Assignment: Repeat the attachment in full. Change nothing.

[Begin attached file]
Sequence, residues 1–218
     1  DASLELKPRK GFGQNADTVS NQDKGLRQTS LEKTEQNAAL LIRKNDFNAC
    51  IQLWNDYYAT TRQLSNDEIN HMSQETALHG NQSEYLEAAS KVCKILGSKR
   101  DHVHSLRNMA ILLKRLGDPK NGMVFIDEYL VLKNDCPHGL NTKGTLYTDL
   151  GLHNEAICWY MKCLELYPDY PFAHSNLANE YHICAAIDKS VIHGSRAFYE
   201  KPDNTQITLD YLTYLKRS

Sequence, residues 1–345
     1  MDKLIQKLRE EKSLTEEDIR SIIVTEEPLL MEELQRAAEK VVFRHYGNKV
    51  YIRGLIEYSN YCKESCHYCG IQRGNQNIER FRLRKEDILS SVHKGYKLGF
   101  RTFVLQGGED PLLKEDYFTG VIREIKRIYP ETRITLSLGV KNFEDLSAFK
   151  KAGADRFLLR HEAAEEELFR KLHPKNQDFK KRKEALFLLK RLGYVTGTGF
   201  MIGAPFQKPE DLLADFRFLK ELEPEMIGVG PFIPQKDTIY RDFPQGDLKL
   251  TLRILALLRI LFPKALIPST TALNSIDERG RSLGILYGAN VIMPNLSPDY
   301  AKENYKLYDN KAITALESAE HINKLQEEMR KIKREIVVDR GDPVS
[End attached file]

Sequence, residues 1–218
     1  DASLELKPRK GFGQNADTVS NQDKGLRQTS LEKTEQNAAL LIRKNDFNAC
    51  IQLWNDYYAT TRQLSNDEIN HMSQETALHG NQSEYLEAAS KVCKILGSKR
   101  DHVHSLRNMA ILLKRLGDPK NGMVFIDEYL VLKNDCPHGL NTKGTLYTDL
   151  GLHNEAICWY MKCLELYPDY PFAHSNLANE YHICAAIDKS VIHGSRAFYE
   201  KPDNTQITLD YLTYLKRS

Sequence, residues 1–345
     1  MDKLIQKLRE EKSLTEEDIR SIIVTEEPLL MEELQRAAEK VVFRHYGNKV
    51  YIRGLIEYSN YCKESCHYCG IQRGNQNIER FRLRKEDILS SVHKGYKLGF
   101  RTFVLQGGED PLLKEDYFTG VIREIKRIYP ETRITLSLGV KNFEDLSAFK
   151  KAGADRFLLR HEAAEEELFR KLHPKNQDFK KRKEALFLLK RLGYVTGTGF
   201  MIGAPFQKPE DLLADFRFLK ELEPEMIGVG PFIPQKDTIY RDFPQGDLKL
   251  TLRILALLRI LFPKALIPST TALNSIDERG RSLGILYGAN VIMPNLSPDY
   301  AKENYKLYDN KAITALESAE HINKLQEEMR KIKREIVVDR GDPVS